Topless shots – more thoughts

I wanted to do this follow-up post from yesterday’s because I have been mulling over what I wrote, and a few feedback comments on twitter and I want to try to be a little clearer about what my issue is with topless women in the mainstream media. In arguing back against anyone’s comments here I have tried not to be aggressive in my language. Posts on this blog are only ever my opinions, and if you want to comment back then yours are equally valid. I really welcome comments, both agreeing and disagreeing with my opinions. I learn a lot from every comment on this blog – they make me question and think through my opinions, which often then alter.

1) It’s not pictures of topless women I don’t like… its where they are and the double standards. Society deems sexualised or erotic images of near-naked women to be OK over your morning coffee, while equivalent shots of men are consigned to the top shelf.

2) One comment I received on twitter was that “there’s a class aspect to that judgement that i find problematic”. Maybe the working class is more comfortable with these images. Or perhaps it is the upper classes. I am not sure which was meant, and I am certainly pretty middle class in my background and upbringing. But I am unsure why class matters at all in this. Are working class women less oppressed/repressed than their middle class counterparts if they find these images acceptable (if indeed they do), or does it merely indicate that their familiarity with the status quo stops them from noticing the inequality of the situation?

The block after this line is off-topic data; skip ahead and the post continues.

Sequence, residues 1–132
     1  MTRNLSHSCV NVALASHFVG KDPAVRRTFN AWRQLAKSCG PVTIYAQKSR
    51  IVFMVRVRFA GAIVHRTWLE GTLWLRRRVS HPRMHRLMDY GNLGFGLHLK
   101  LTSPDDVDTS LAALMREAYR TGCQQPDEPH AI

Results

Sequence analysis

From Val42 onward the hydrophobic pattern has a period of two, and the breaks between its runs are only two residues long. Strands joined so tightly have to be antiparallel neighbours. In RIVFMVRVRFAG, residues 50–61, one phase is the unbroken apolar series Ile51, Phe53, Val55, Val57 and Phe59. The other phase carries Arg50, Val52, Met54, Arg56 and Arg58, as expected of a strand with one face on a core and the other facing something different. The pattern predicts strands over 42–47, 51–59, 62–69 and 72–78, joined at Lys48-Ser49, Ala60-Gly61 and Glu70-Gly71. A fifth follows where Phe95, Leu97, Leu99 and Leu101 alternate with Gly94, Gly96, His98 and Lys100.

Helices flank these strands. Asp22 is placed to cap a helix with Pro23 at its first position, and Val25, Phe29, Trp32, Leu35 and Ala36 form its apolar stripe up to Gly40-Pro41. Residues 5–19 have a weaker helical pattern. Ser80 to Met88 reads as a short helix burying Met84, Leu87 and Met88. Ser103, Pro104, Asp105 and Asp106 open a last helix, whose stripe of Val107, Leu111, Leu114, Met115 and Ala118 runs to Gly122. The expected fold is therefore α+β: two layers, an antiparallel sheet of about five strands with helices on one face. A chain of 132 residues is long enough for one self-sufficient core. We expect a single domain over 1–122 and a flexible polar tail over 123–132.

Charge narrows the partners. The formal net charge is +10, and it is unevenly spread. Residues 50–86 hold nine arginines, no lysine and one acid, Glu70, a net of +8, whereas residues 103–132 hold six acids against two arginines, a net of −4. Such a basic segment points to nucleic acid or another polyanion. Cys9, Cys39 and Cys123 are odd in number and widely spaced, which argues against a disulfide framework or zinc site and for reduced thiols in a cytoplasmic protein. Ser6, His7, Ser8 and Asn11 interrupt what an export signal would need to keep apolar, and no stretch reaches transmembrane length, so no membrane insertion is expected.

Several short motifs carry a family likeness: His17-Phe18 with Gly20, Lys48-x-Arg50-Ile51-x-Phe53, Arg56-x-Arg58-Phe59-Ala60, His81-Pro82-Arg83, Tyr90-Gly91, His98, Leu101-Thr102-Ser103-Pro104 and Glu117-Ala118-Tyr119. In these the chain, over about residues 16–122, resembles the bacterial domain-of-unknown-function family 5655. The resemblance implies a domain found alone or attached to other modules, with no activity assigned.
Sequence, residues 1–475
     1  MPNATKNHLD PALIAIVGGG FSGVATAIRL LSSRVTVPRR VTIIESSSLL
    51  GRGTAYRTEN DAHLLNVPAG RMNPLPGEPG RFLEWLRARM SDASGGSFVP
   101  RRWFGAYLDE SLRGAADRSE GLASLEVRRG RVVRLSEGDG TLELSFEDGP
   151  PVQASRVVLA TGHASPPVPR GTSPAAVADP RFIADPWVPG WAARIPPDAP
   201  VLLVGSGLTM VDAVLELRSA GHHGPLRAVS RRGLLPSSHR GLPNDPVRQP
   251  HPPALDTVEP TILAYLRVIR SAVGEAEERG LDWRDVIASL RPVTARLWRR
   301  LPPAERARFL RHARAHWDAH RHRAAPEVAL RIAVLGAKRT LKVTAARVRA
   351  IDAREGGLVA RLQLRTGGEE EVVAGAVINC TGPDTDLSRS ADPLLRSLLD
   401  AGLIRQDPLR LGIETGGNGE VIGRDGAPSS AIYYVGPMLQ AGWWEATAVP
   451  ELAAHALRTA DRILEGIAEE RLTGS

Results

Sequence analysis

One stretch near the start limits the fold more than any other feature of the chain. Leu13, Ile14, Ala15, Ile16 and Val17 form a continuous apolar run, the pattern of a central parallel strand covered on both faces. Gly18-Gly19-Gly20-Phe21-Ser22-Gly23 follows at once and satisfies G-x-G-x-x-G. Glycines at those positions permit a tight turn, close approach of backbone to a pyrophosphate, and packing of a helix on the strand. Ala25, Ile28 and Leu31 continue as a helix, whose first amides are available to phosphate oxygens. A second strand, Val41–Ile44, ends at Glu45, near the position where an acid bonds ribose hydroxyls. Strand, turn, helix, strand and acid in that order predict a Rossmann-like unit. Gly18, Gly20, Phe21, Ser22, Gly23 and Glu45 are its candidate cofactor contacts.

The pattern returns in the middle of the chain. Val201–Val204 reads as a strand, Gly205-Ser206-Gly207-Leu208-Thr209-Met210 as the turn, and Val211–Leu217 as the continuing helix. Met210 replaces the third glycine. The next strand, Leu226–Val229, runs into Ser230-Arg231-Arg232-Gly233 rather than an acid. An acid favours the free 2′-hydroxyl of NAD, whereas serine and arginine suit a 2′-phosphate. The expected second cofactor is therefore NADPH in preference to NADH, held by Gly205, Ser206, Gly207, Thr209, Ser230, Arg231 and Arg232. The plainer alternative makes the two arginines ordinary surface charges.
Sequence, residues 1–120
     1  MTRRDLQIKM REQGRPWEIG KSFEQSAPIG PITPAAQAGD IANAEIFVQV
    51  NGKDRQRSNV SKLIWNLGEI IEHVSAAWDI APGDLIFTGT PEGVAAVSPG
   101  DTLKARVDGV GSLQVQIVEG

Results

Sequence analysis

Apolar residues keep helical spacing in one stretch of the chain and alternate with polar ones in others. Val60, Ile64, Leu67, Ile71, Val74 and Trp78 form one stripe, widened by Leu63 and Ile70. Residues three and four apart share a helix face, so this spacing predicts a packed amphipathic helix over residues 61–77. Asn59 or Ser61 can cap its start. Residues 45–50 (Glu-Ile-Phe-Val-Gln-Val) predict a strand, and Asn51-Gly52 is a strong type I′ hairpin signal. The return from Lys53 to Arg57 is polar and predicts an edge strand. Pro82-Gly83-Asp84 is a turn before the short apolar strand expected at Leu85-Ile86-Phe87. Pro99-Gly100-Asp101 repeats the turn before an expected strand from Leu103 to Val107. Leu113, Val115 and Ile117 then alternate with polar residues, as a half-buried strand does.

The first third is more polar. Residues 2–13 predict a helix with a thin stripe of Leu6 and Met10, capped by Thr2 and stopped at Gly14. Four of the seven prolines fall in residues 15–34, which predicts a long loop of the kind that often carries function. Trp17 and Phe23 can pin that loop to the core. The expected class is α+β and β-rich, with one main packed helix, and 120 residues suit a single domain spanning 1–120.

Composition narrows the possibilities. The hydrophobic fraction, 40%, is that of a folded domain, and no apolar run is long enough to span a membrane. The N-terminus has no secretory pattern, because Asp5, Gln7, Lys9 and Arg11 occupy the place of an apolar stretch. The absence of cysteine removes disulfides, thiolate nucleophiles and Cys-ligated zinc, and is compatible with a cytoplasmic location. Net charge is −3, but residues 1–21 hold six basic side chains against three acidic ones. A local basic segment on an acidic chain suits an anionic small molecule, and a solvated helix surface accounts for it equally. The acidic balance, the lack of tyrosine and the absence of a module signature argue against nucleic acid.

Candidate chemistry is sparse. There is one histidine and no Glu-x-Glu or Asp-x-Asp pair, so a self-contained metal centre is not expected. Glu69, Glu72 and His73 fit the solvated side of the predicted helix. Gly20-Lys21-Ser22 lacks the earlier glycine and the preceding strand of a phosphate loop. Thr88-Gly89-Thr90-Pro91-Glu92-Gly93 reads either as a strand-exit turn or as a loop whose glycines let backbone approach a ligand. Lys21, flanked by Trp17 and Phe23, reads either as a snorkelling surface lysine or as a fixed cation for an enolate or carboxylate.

3) There was also a comment that “I know of lesbians who like those mags”. It is often easy for people to hold up lesbians as the natural owners of feminism – for after all, don’t they perfectly live the feminist ideal with all that man-hating? Well, no, in my opinion they are no more representative of feminists than straight women. For starters, a penchant for the feminist philosophy does not equal a dislike for men (and nor does, I might add, lesbianism). Secondly, Lesbians are simply sexually attracted to women rather than men. That makes them no more likely to identify, care about or fight for women’s equality. Sometimes they might live in a unique (and perhaps socially enlightened) community of friends and family which means they don’t experience inequality. Sometimes their sexual preferences and life choices give rise to more difficulties in their life than the average woman – highlighting inequalities more than normal. But I can’t see why any of that would mean that lesbian approval on an issue of female equality should undermine a straight woman’s objection to it. To me it is frankly a non-argument. Misogynists often classify feminists and lesbians in the same over-used pigeon hole. It gets boring.